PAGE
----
AlunaGeorge: on first name terms
When Aluna Francis and George Reid first met, it was musical love at first sight. They talk about the joys of making “flopsie wopsie” pop
They make a striking pair, Aluna Francis and George Reid. Sitting in a stuffy boardroom in their record label’s offices in London for another day of answering questions, it’s easy to see why and how these two have become a successful partnership. This is one of those telepathic working relationships where the other person is always around to fill in the blanks or, in the case of Francis, do most of the talking.
She’s gregarious and giggly, a woman who takes great pleasure in flummoxing an interviewer with how she describes her music, as we’ll see below. Reid, on the other hand, is quiet and studied, the stereotypical bedroom producer with a fierce, deep enthusiasm for and curiosity about his electronic music influences and peers.
You’ll find both sides of this collective personality on Body Music, their debut album. It’s an album of rich, off-kilter, strange sounding pop music, full of simple radio-friendly melodies, r’n’b flickers and experimental wibbly-wobbly loops. It also has some devastatingly infectious ear-worms.
If AlunaGeorge had a mission statement, says Francis, it would go a little like this: “How can we get elements like interesting sounds, weird flopsie-wopsie beats, vocals and song structures to go together? That’s been our goal from the start. The common ground was this thing that we hadn’t heard yet.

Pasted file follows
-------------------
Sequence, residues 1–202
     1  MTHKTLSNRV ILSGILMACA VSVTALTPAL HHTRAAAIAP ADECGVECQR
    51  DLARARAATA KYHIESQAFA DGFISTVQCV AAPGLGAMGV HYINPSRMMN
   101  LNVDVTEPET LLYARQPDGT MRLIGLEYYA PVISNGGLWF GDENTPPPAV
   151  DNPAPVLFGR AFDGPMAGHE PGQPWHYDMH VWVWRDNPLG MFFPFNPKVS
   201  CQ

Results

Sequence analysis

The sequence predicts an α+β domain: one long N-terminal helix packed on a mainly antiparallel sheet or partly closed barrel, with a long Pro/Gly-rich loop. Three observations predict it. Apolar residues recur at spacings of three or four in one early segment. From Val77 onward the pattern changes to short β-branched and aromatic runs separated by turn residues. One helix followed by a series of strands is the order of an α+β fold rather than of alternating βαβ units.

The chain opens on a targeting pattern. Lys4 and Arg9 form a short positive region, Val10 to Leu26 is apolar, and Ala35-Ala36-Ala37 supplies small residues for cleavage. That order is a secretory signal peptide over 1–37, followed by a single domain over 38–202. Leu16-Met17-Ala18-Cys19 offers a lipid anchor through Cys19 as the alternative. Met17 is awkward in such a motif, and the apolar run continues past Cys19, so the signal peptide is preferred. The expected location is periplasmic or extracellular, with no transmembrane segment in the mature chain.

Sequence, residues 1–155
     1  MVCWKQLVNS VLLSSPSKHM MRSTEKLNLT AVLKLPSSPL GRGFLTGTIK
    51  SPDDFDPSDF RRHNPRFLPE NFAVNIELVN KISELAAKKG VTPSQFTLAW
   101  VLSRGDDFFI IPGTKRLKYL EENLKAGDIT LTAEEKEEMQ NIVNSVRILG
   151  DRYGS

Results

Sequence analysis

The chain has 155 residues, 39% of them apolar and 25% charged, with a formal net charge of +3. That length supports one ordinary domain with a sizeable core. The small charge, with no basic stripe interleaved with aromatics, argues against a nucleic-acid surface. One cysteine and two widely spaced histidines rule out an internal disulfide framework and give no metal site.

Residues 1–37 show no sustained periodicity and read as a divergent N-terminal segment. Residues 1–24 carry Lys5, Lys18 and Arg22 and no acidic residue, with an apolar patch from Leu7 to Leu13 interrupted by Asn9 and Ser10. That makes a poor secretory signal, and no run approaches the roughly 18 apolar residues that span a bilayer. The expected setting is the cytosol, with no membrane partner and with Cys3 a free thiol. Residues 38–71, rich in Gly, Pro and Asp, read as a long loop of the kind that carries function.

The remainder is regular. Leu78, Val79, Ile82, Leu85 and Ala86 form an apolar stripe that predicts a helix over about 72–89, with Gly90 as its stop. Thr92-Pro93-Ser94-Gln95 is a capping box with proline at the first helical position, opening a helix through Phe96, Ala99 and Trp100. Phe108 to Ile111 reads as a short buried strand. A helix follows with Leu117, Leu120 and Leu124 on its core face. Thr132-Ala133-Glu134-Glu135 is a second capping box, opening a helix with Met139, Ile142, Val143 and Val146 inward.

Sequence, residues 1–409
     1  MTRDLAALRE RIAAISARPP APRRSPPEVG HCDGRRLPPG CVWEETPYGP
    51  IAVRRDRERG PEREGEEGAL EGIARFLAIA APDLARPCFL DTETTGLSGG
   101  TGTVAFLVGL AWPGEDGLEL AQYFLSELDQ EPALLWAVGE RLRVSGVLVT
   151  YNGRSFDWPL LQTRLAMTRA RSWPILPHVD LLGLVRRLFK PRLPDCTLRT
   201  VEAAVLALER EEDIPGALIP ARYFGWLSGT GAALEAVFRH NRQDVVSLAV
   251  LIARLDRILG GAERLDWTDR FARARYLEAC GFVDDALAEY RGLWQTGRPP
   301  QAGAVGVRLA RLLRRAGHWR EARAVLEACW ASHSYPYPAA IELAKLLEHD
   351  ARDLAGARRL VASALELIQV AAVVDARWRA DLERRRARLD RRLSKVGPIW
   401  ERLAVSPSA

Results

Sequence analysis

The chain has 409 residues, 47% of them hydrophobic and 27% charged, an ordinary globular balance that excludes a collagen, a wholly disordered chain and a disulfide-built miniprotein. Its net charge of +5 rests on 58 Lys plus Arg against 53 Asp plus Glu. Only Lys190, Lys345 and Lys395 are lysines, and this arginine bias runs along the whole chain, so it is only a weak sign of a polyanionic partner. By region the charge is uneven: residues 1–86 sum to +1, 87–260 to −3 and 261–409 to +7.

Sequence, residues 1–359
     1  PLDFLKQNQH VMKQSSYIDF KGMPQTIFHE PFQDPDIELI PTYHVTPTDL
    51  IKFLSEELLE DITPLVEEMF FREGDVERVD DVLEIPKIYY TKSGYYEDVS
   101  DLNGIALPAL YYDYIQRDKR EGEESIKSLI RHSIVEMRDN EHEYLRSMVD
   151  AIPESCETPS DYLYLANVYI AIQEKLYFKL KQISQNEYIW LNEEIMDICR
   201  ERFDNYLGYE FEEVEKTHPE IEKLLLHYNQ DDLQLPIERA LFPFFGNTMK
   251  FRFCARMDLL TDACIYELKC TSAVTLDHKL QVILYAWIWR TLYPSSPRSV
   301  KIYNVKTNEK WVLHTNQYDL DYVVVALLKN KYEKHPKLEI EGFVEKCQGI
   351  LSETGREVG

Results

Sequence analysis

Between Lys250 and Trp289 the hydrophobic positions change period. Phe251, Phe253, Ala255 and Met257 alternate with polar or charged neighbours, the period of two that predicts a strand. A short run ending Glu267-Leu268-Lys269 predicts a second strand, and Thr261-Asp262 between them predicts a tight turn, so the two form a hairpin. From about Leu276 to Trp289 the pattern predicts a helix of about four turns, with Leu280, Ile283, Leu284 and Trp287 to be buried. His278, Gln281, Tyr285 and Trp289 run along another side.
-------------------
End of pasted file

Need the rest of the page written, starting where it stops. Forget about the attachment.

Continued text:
“George might start with a weird sound like this (she squawks like a demented seagull) and we’d go from there. Or I might say ‘I’ve got this ballad and it goes like this’ and he’ll go ‘do you mean something like flopsie-wopsie?’”
Interviewer and interviewees collapse with laugher. “I don’t know how you’re going to transcribe flopsie-wopsie, mate,” guffaws Francis.
They first met when Francis’s bandmate in her old band, My Toys Like Me, came across Reid, formerly of math-rock band Colour, on MySpace.
“Gus said ‘this guy, this producer, I don’t understand him, you gotta meet this guy,’” remembers Francis. “I was like ‘OK, this is interesting, I like the sound of it,’ so Gus brought me to meet George at this café. Gus was in the middle of us going ‘you two should get in the studio and write some songs for the band,’ so George went ‘OK . . . what is your name again?’
“I went along to George’s house to write songs for my band and we bumped heads for half a day and it was just not working so we decided to scrap all that and start working from scratch. He’d already done the music for Double Sixes and when he played that, I went ‘woah! Scrap that other idea, this is amazing’.”
Reid had worked with vocalists before, but this was different. “None of them had an unique voice like Aluna. It was a very instant result and I couldn’t believe it. Double Sixes had a particular melody for Aluna to sing and she came up with some wonderful words right away. We cheated our way into it.”
Their relationship to date has been fairly row-free, says Francis. “We’ve disagreed as opposed to fought. Our opinions on music are so similar so we’re lucky. We trust one another’s judgement so if someone has a convincing argument or a bee in their bonnet about wanting some sound in, we tend to agree.”